Presentation on theme: "Panels An Important Part of Comic Book Storytelling."— Presentation transcript:
Panels An Important Part of Comic Book Storytelling
What Good Are Panels? PANELS are how comics divide up the action on each page They are a relatively new part of sequential art storytelling – remember how the Bayeux Tapestry and the Egyptian tomb paintings were just one long image? Panels are often used just like shots in a movie, and are most often used to subtly direct how the reader experiences the story
Moment-to-Moment Transitions When we say that a panel transition moves from moment-to-moment, we mean that it shows the passage of very small amounts of time These transitions involve the same subject(s), little action, and no movement from place to place These are rare in Western graphic novels, but are more common in Japanese ones
Action-to-Action Transitions This one is easy: when we say the transition is action-to-action, we mean that something or somebody is doing something different in the second panel than in the first Usually, the action is very obvious, and follows directly from the previous panel (like in the baseball example above) This is one of the most common types of panel transitions, especially in superhero graphic novels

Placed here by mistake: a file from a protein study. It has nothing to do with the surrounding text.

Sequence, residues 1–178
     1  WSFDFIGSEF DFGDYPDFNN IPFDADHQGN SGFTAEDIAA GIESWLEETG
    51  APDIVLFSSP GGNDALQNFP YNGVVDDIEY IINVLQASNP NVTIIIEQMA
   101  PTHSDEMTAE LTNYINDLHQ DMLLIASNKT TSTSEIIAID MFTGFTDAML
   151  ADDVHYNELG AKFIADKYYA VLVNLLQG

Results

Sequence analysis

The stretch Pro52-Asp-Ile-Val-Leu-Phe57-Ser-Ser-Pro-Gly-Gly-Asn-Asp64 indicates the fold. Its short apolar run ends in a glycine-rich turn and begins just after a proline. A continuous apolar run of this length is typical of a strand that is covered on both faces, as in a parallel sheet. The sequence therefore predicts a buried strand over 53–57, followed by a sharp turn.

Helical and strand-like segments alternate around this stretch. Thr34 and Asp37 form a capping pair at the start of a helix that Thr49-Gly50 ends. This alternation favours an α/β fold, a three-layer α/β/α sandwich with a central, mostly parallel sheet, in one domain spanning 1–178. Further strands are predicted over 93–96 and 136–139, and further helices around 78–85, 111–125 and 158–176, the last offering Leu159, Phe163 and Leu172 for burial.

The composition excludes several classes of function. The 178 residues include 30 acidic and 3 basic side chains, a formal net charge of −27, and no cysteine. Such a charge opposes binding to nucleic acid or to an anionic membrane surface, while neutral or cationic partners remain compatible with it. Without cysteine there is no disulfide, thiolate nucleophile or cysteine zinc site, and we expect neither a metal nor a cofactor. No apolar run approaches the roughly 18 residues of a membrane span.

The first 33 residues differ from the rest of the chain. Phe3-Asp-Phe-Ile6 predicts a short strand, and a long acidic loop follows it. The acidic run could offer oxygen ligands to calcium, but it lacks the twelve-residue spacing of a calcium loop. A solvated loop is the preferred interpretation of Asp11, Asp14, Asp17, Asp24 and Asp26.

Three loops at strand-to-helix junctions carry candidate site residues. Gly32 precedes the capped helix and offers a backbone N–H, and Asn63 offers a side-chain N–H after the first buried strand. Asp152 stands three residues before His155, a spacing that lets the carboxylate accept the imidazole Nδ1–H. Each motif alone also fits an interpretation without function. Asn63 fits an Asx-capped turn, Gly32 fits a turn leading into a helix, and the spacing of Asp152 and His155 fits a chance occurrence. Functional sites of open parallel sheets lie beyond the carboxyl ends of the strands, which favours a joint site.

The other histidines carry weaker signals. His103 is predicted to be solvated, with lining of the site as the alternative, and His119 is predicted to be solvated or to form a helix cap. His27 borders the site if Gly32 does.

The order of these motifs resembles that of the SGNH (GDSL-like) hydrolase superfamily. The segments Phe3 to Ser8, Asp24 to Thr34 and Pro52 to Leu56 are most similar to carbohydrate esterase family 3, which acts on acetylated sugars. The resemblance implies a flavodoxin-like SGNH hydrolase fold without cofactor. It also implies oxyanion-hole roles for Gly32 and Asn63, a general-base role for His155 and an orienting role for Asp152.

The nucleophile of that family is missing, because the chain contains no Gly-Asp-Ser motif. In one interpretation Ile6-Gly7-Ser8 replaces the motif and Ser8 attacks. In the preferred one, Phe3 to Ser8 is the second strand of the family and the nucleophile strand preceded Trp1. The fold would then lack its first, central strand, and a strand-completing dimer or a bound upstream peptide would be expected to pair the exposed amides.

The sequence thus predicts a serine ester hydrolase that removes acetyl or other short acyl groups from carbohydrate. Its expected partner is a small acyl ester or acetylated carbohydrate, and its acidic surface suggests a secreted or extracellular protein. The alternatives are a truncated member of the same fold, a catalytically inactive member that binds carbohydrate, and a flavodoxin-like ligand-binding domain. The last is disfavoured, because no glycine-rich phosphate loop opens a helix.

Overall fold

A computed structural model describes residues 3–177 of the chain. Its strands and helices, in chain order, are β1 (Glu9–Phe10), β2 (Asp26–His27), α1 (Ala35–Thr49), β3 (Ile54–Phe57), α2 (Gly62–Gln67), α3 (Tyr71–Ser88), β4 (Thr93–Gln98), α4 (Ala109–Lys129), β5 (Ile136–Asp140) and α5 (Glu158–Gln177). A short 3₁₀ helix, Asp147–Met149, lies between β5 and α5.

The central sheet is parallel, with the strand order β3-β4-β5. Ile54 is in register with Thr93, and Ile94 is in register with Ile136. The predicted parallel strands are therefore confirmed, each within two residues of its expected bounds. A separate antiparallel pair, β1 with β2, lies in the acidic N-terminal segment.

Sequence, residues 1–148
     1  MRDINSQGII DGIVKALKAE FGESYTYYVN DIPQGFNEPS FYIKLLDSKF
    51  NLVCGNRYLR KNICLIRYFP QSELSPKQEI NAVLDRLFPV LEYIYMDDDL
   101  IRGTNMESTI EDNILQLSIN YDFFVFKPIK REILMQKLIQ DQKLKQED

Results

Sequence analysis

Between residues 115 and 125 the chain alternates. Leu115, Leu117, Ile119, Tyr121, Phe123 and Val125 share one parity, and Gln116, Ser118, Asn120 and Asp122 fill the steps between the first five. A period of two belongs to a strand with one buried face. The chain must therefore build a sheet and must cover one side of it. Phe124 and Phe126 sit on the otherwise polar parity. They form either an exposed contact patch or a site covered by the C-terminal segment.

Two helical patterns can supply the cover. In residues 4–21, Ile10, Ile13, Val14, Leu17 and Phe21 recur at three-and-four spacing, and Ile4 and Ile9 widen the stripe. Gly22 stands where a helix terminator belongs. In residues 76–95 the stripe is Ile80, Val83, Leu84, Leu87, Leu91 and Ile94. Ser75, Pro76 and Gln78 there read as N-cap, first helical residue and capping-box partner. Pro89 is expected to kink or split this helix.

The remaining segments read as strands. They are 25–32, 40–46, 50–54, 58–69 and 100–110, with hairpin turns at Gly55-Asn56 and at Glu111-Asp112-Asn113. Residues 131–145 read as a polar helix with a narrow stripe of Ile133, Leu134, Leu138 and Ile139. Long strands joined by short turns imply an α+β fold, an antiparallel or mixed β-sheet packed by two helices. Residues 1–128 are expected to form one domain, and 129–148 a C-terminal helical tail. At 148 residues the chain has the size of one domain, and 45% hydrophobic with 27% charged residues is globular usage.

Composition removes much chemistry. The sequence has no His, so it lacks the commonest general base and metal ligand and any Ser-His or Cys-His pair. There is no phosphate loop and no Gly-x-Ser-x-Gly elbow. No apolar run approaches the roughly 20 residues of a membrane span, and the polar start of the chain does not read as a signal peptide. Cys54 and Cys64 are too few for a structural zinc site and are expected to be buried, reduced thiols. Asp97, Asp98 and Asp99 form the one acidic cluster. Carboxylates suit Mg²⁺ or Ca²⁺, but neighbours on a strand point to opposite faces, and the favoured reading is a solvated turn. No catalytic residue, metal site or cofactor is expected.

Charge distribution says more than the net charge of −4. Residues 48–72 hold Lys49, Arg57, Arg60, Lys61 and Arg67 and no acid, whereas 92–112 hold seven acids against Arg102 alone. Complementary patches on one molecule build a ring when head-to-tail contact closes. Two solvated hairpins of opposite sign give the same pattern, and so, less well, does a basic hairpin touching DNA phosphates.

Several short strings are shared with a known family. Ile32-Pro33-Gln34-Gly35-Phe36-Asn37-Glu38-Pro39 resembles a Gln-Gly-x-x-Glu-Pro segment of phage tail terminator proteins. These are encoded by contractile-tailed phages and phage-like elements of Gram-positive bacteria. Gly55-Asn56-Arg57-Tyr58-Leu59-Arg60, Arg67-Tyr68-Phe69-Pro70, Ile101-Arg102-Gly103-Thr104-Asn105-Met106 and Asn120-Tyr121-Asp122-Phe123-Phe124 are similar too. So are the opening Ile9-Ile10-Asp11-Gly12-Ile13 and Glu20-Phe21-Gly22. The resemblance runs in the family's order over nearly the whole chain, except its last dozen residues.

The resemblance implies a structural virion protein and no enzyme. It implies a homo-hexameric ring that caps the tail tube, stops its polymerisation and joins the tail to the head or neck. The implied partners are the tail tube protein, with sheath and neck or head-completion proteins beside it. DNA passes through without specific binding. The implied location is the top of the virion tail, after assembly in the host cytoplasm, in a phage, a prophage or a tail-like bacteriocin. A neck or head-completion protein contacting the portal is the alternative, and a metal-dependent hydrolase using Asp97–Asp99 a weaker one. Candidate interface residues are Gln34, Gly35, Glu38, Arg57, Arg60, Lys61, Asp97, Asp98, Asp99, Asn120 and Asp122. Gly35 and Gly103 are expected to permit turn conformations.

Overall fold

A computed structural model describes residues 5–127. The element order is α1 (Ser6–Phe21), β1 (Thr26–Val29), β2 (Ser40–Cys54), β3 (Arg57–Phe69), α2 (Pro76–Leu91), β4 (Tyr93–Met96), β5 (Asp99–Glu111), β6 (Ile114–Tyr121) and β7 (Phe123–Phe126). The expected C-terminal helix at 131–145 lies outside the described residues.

Subject-to-Subject Transitions This transition is simply when one panel focuses on one character or object, and the next one focuses on a different character or object (within the same scene/location) These arent hard to follow, but they require a bit more involvement by the reader – they need to understand how the new person or object fits into the context of the scene in order to make sense of the transition
Scene-to-Scene Transitions This transition moves between two entirely different locations Usually, the writer/artist will simply start a new scene on a new page Even more reader involvement is required to make sense of these, and the connection between the two may not be immediately obvious
Find good examples of 2 types of transitions in your graphic novel: Moment to Moment: Same subject(s), same place, little to no movement Action to Action: Same subject, different action Subject to Subject: One panels focus is on a different character or object than the other Scene to Scene: One panel is in a completely place (in the story) than the other Now, share your choices with your group. Once you finish, choose (as a group) an example that you find particularly interesting. The person who found it will then share with the class.